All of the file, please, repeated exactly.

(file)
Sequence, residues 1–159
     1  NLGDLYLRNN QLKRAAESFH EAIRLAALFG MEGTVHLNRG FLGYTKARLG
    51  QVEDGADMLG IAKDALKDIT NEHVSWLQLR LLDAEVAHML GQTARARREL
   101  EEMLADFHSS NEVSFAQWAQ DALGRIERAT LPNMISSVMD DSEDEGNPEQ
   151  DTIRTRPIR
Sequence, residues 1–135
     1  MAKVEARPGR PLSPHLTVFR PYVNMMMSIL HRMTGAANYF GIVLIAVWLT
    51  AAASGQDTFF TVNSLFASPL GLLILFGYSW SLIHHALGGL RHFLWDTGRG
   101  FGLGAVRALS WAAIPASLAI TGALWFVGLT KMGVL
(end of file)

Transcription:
Sequence, residues 1–159
     1  NLGDLYLRNN QLKRAAESFH EAIRLAALFG MEGTVHLNRG FLGYTKARLG
    51  QVEDGADMLG IAKDALKDIT NEHVSWLQLR LLDAEVAHML GQTARARREL
   101  EEMLADFHSS NEVSFAQWAQ DALGRIERAT LPNMISSVMD DSEDEGNPEQ
   151  DTIRTRPIR
Sequence, residues 1–135
     1  MAKVEARPGR PLSPHLTVFR PYVNMMMSIL HRMTGAANYF GIVLIAVWLT
    51  AAASGQDTFF TVNSLFASPL GLLILFGYSW SLIHHALGGL RHFLWDTGRG
   101  FGLGAVRALS WAAIPASLAI TGALWFVGLT KMGVL